Psifr has a core set of tools for analyzing transitions in free recall data. These tools focus on measuring what transitions actually occurred, and which transitions were possible given the order in which participants recalled items.

Actual and possible transitions#

Calculating a conditional response probability involves two parts: the frequency at which a given event actually occurred in the data and frequency at which a given event could have occurred. The frequency of possible events is calculated conditional on the recalls that have been made leading up to each transition. For example, a transition between item \(i\) and item \(j\) is not considered “possible” in a CRP analysis if item \(i\) was never recalled. The transition is also not considered “possible” if, when item \(i\) is recalled, item \(j\) has already been recalled previously.

Repeated recall events are typically excluded from the counts of both actual and possible transition events. That is, the transition event frequencies are conditional on the transition not being either to or from a repeated item.

Calculating a CRP measure involves tallying how many transitions of a given type were made during a free recall test. For example, one common measure is the serial position lag between items. For a list of length \(N\), possible lags are in the range \([-N+1, N-1]\). Because repeats are excluded, a lag of zero is never possible. The count of actual and possible transitions for each lag is calculated first, and then the CRP for each lag is calculated as the actual count divided by the possible count.

The transitions masker#

The transitions_masker() is a generator that makes it simple to iterate over transitions while “masking” out events such as intrusions of items not on the list and repeats of items that have already been recalled.

On each step of the iterator, the output position and the previous, current, and possible items are yielded. The output position is the position of the transition in the recall sequence, starting from one, including all repeats and intrusions. The previous item is the item being transitioned from. The current item is the item being transitioned to. The possible items includes an array of all items that were valid to be recalled next, given the recall sequence up to that point (not including the current item).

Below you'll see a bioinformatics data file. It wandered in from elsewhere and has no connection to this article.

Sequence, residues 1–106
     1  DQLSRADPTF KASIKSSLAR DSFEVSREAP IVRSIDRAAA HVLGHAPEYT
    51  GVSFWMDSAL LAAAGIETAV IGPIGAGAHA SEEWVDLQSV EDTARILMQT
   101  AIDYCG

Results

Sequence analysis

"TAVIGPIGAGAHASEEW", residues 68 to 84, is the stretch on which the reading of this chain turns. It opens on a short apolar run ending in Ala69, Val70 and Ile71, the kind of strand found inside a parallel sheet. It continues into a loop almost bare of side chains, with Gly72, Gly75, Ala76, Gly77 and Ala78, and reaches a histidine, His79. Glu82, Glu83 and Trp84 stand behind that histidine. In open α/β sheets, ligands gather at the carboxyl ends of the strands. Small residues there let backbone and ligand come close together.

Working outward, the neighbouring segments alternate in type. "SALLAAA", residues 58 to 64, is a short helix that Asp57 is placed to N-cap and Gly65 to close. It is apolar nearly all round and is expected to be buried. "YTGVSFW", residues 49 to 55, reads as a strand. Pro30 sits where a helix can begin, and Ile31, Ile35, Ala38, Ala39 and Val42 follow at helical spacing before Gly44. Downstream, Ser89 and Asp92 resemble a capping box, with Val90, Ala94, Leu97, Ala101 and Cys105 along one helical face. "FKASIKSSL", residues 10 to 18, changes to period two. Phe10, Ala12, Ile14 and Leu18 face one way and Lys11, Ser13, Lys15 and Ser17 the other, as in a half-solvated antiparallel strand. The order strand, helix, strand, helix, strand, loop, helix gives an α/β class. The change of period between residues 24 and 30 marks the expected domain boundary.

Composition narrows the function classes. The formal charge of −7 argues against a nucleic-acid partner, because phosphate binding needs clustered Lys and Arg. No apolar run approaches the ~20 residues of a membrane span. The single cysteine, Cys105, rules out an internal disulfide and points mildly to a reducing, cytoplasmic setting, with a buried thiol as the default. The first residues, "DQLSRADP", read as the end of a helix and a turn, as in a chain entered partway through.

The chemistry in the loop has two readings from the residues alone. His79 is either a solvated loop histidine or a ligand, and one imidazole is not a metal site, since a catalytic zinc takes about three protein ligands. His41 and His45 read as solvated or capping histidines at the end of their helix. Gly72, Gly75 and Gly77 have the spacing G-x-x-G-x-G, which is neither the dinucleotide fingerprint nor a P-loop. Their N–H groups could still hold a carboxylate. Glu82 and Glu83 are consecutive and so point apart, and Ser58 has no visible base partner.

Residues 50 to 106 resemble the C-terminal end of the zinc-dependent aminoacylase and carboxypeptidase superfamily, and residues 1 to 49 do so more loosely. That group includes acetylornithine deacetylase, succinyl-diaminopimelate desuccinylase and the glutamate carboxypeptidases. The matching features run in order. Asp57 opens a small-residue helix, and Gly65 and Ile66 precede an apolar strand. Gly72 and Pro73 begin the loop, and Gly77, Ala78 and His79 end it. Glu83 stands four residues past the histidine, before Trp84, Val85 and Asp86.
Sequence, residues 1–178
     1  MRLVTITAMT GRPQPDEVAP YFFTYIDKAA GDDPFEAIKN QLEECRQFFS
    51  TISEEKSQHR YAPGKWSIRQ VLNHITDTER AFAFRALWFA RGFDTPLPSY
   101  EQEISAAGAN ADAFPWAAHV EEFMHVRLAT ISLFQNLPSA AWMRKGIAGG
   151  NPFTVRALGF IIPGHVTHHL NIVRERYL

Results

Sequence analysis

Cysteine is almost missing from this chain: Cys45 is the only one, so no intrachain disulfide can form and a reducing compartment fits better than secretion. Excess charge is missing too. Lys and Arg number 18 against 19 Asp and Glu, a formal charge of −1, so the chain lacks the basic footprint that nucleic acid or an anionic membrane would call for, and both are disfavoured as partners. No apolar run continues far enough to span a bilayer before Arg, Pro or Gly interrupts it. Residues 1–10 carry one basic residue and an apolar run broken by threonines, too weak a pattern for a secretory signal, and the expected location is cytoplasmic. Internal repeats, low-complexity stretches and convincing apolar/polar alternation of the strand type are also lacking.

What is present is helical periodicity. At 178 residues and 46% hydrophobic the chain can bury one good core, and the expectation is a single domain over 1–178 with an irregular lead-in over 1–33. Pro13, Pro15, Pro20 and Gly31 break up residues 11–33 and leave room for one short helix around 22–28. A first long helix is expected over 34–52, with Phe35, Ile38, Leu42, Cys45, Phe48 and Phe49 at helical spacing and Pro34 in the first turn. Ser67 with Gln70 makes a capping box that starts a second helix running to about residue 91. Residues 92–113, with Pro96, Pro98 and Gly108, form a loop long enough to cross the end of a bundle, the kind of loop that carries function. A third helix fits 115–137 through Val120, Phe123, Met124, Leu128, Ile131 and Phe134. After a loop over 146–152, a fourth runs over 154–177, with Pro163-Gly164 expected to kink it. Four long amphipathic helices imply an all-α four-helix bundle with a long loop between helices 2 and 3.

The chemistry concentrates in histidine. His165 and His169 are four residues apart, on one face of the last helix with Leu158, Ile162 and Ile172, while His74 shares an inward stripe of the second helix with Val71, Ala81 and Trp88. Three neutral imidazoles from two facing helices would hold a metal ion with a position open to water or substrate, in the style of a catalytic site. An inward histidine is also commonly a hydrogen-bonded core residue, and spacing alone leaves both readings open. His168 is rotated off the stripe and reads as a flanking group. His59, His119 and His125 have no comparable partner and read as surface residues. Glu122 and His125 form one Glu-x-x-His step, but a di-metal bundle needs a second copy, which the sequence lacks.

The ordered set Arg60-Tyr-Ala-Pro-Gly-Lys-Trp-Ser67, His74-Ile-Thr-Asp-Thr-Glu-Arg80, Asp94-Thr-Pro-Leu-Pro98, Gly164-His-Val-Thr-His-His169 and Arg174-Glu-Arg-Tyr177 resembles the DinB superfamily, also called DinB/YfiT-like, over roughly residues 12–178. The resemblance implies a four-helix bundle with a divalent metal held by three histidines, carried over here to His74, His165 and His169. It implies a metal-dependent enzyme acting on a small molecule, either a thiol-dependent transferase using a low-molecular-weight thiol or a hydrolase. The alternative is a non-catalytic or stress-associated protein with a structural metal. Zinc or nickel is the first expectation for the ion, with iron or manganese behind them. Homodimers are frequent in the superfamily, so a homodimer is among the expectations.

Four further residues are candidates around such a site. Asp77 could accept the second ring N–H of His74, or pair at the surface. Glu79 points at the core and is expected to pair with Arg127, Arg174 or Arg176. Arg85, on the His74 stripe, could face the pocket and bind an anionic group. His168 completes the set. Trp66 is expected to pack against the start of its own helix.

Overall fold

In [1]: from psifr.maskers import transitions_masker

In [2]: pool = [1, 2, 3, 4, 5, 6]

In [3]: recs = [6, 2, 3, 6, 1, 4]

In [4]: masker = transitions_masker(
   ...:     pool_items=pool, recall_items=recs, pool_output=pool, recall_output=recs
   ...: )

In [5]: for op, prev, curr, poss in masker:
   ...:    print(op, prev, curr, poss)
1 6 2 [1 2 3 4 5]
2 2 3 [1 3 4 5]
5 1 4 [4 5]

Only valid transitions are yielded, so the code for a specific analysis only needs to calculate the transition measure of interest and count the number of actual and possible transitions in each bin of interest.

Four inputs are required:


List of identifiers for all items available for recall. Identifiers can be anything that is unique to each item in the list (e.g., serial position, a string representation of the item, an index in the stimulus pool).


List of identifiers for the sequence of recalls, in order. Valid recalls must match an item in pool_items. Other items are considered intrusions.


Output codes for each item in the pool. This should be whatever you need to calculate your transition measure.


Output codes for each recall in the sequence of recalls.

By using different values for these four inputs and defining different transition measures, a wide range of analyses can be implemented. All conditional response probability and rank analyses are implemented using the same core of the transitions masker.

The sequences masker#

Some analyses, such as lag_crp_compound() and distance_rank_shifted(), require examining longer sequences rather than individual one-step transitions. These analyses are implemented using the sequences_masker(), which allows analysis code to iterate over sequences of a specified length. Only contiguous sequences are yielded; repeats or intrusions will interrupt the sequence and start it over at the next recall.

Any other conditions, applied using the test input, must also apply to every transition in the sequence for that sequence to be yielded by the masker. This makes it simple to, for example, run an analysis that only examines sequences of within-category transitions. See the user guide for an example of conditionalizing a sequence analysis.

Similarly to the transitions_masker(), the sequences masker will yield the output position, previous item, current item, and possible items for each transition. Here, however, there is a list of values corresponding to positions within the sequence. For example, curr[-1] is the “current” item for the most recent transition, and prev[-2] is the “previous” item for the prior transition.

In [6]: from psifr.maskers import sequences_masker

In [7]: pool = [1, 2, 3, 4, 5, 6]

In [8]: recs = [6, 2, 3, 6, 1, 4, 5]

In [9]: masker = sequences_masker(
   ...:     2, pool_items=pool, recall_items=recs, pool_output=pool, recall_output=recs
   ...: )

In [10]: for output, prev, curr, poss in masker:
   ....:     print(output, prev, curr, poss)
[1, 2] [6, 2] [2, 3] [array([1, 2, 3, 4, 5]), array([1, 3, 4, 5])]
[5, 6] [1, 4] [4, 5] [array([4, 5]), array([5])]

From these outputs, it is then relatively simple to do things like calculate response probabilities conditionalized on prior transitions (like in the compound lag-CRP analysis) or measure distances to recalls before the just-recalled item (like in the shifted distance rank analysis).